And right there came an exhibition of the superior nature of female intelligence. Madam quickly withdrew into the nest, doubtless resolved to remain there until the storm should blow over. Father Woodpecker, perceiving that he lacked an audience, angrily jerked his wet wings a few times, apparently to convince himself that he really was of some importance, and then dipped into the woods again in search of more grubs.
Hudson’s “Green Mansions.” William Henry Hudson （1841-1922）, English naturalist and author, whose Green Mansions is his classic romance of the tropical forest.
sword slash, path as if made by the slash or cut of a sword.
exuberant foliage, abundant cluster of leaves, flowers, and branches.
logged-off land, land in which the trees have been logged-off or cut.
antics, grotesque postures, movements, or tricks.
woodpeckers， 啄木鸟，birds having spiny tail feathers used to aid in climbing, or resting on, tree trunks, and a hard chisel-like bill used to drill into trees for insects.
stub, tree stump; the short, blunt remnant of a tree.
dipped away. The flight of a woodpecker is a succession of dips and rises, a series of concave curves.
thunderheads, rounded masses of cumulus cloud, with shining edges, often seen before a thunderstorm.
demented, crazy or mad; deprived of reason.
beetles. The shape of automobiles is likened to that of beetles.
rank, luxuriant or coarse in growth; overgrown.
brake ferns, any of various ferns with remotely compound ferns;ferns growing close together.
proffered, offered for acceptance.
grub, larva of insect, caterpillar, maggot.
curtsying, feminine salutation by bending knees and lowering body.
“the sauce to meat is ceremony.” Ceremony adds relish to a meal. A certain amount of formality makes the meal more enjoyable.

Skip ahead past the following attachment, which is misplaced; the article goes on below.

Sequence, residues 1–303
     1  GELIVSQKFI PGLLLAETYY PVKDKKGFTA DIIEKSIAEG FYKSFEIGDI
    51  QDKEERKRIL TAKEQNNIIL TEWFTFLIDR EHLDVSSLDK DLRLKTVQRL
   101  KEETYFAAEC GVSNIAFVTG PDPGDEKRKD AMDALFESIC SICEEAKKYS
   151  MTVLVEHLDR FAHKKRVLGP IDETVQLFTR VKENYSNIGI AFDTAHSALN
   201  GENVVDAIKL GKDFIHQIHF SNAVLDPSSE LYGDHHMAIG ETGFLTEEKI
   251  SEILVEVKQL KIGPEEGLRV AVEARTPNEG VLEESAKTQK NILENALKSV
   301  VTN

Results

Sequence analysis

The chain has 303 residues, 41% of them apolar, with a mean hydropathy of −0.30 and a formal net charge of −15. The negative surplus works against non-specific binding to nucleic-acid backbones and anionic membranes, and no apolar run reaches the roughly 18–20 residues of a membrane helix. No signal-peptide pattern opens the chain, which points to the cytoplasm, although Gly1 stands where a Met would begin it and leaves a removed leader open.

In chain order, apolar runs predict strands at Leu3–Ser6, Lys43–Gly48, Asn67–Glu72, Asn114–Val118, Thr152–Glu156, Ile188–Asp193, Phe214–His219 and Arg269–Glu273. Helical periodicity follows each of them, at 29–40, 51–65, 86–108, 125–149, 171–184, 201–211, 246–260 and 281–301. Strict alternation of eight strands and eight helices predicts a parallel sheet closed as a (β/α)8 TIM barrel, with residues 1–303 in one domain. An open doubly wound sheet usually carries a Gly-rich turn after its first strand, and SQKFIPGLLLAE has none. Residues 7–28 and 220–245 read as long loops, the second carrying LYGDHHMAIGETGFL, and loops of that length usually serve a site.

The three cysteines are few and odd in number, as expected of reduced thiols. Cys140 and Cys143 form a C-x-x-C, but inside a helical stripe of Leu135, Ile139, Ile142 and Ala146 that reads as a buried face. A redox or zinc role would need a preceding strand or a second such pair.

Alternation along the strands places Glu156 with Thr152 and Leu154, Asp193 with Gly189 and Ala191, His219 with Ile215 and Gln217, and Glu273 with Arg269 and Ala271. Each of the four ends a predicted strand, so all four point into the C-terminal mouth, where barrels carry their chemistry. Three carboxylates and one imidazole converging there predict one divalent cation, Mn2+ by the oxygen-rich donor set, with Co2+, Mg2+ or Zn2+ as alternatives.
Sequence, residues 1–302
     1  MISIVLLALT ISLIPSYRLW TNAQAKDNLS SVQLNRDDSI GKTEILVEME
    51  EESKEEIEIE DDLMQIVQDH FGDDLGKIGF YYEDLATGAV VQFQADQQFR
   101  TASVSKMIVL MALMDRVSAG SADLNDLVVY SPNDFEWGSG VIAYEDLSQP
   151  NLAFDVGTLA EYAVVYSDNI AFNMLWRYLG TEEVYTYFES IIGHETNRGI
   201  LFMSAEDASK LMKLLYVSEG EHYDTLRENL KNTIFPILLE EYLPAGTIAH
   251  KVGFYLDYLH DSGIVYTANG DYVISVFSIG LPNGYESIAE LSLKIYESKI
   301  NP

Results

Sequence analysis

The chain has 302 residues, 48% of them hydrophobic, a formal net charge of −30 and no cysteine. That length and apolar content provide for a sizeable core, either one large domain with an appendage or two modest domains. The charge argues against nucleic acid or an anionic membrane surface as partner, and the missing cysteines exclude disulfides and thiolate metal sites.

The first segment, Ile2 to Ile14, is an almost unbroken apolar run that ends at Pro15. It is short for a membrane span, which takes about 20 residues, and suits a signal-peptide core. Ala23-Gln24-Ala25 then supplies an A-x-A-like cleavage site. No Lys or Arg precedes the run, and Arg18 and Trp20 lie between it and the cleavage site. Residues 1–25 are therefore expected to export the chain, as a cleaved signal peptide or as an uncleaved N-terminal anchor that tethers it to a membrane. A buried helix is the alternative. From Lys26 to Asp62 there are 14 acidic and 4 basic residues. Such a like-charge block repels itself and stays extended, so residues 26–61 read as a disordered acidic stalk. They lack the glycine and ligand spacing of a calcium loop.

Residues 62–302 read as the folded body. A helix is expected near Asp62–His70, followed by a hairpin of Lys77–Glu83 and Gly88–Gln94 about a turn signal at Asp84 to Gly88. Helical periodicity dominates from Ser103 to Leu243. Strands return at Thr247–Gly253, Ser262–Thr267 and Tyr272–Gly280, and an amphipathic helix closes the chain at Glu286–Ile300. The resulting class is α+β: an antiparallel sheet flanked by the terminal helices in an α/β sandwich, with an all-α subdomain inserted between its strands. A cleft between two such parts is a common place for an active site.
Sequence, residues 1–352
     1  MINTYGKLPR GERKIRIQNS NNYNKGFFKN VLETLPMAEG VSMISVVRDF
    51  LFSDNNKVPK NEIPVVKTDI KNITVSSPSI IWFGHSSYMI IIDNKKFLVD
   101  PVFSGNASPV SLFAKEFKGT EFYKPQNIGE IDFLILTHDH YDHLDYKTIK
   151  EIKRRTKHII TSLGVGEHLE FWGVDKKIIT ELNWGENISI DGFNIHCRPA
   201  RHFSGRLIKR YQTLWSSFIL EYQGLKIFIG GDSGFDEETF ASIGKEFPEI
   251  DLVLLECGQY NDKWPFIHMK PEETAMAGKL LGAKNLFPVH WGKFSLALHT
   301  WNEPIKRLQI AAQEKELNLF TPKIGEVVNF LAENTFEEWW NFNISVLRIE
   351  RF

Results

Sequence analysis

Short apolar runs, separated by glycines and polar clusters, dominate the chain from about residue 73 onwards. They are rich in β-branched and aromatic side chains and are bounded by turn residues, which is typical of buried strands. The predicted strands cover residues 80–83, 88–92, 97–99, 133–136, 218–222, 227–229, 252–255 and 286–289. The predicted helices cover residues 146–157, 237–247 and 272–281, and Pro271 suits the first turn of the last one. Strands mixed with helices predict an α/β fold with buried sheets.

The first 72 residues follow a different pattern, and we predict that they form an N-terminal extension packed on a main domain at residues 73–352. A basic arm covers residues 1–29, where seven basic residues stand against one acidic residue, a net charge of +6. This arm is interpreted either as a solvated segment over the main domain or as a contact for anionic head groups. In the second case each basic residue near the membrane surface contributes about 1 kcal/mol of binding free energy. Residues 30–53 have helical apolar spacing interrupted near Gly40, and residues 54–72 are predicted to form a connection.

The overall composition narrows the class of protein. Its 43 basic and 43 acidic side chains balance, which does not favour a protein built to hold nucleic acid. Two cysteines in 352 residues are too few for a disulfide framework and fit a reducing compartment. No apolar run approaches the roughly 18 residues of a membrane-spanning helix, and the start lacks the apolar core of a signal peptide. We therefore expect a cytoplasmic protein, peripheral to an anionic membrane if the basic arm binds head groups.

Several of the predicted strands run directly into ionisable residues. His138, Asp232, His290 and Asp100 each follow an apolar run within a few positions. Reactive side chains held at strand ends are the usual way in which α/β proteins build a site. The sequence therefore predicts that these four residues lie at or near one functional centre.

Scotch thanes, in Scotland, members of a rank between ordinary freemen and hereditary nobles.
“punky, ” having rotten wood.
incubating eggs, hatching eggs by sitting on them.
“bring home the bacon, ” return home with the food that he has gone forth to seek; return home in victory.
staccato, abrupt and sharp.
her provider, her husband, the one who secures food for the family.
peremptorily, stubbornly; commandingly; dictatorially.
tilting, turning up at a sharp angle.
flounced, went with violent or agitated motion.
high-keyed coaxing, persuasion in a high tone of voice.
fishwife, woman selling fish, noted for her ability to scold.
loafing, spending time in idleness.
craning, stretching the neck forward like a crane.
woodpeckership, a humorous title given to the woodpecker, supposing him to be dignified and of high rank.
drizzle, fine, dense drops of rain.
downpour, heavy fall of rain.
Mephistophelean, like Mephistopheles, in the German Faust legend, the personification of the devil, to whom Faust sells his soul.
immemorial, ancient beyond memory, very old.
cocked, stuck up jauntily or defiantly.
sadly bedraggled, distressingly wet, with his feathers hanging down.
undulating, gently rising and falling; dipping and rising.
torrent of abuse, violent flow of rebuking or scolding language.
storm, violent disturbance; dispute.
- How does the author make this little sketch a commentary on human married life?
- Would it have been as good without the comparison?